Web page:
75. In reading very large numbers it is often convenient to divide them into periods of three figures each, as in the following

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532, 123,410,864,232,012, 345, 862,051,234,525,411, 243, 673.

By this table it will be seen that any number, however large, after dividing it into periods, and knowing the names of the periods, can be read with the same ease as one consisting of three figures only; for the same names, (hundreds, tens, units,) are repeated in every period, and we have only to join to these, successively, the names of the periods. The first, or right hand period, is read, six hundred seventy-three -units, the second, two hundred forty-three thousands, the the third, four hundred eleven millions, and so on.

76. The foregoing is according to the French numeration, which, on account of its simplicity, is now generally adopted in English books. In the older Arithmetics, and in the two first editions of this work, a period is made to consist of six figures, and these were subdivided into half periods, as in the following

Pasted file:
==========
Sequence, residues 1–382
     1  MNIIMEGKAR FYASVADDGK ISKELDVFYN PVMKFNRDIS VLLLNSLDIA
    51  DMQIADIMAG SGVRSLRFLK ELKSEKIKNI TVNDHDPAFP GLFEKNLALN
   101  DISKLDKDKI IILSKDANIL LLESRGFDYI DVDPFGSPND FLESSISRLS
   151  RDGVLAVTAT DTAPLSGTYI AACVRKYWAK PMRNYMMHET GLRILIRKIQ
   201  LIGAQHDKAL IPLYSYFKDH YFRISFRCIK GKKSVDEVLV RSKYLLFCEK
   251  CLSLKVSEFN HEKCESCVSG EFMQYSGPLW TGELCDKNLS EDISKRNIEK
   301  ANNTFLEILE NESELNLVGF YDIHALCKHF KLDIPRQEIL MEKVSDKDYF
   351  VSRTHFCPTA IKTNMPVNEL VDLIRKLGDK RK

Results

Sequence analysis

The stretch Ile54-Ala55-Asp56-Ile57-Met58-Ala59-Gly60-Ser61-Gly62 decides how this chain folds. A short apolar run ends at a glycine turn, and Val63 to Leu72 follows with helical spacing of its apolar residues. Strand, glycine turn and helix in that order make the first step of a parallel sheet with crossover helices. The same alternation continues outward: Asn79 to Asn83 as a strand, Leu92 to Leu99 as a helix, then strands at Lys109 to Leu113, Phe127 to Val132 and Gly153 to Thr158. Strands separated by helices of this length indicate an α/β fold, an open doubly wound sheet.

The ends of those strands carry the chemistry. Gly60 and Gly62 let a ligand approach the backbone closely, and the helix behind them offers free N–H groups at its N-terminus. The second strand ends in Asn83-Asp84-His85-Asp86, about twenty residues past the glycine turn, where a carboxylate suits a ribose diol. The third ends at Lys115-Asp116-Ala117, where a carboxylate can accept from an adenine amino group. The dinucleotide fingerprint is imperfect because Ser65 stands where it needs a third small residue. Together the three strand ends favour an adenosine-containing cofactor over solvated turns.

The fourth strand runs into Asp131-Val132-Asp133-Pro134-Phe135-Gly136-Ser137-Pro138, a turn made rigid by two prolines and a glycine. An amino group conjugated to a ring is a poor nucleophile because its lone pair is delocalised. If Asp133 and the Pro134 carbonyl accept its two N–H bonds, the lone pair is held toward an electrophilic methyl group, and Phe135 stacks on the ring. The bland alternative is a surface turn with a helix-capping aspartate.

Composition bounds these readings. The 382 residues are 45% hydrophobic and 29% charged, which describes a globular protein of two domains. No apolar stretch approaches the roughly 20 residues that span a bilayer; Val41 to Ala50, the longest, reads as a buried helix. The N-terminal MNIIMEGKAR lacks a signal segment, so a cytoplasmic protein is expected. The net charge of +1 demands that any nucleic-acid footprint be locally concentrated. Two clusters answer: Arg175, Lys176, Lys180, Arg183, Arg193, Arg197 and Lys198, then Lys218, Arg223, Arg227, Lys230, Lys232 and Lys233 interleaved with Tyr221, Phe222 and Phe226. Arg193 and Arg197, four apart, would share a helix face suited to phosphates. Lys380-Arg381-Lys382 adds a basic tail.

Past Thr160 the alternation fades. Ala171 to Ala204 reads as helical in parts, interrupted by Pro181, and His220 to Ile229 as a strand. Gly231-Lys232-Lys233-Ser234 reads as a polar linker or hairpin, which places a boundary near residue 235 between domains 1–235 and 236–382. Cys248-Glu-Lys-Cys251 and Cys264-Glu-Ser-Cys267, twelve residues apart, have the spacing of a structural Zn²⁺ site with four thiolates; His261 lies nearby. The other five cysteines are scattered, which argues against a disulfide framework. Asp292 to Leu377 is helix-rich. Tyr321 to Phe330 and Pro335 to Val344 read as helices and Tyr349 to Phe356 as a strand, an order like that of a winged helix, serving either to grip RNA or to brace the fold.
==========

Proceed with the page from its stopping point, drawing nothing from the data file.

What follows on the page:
TABLE III. Periods. Sextill. Quintill. Quadrill. Trill. Billions. Millions. Units. Half per. th. un. th. un.

th. un. thu ul. thi un. cxt. cau.

th. un.

Figures. 1532,123,410,864, 232,012, 345,862,051,234,525,411, 243,673

These two methods agree for the nine first places; but beyond this, the places take different names. Five billions, for example, in the former method, is read five thousand millions in the latter. The principles of notation are, notwithstanding, the same in both throughout-the difference consisting only in enunciationi.

EXAMPLES FOR PRACTICE. Write the following in figures: Env:nerate, or write the followEight. Seventeen. Ninety-three. ing in words: Three hundred sixty Five thou

31

7890112 sand four hundred and seven. Thir

65

7-4351234 ty thousand fifty nine. Seven

123

137111055 millions. Sixty-four billions. One

2040 8900000000 hundred nine quadrillions, one hun

60735 30000010010 dred nine millions, one hundred nine

123456 222000111002 thousand, one hundred and nine.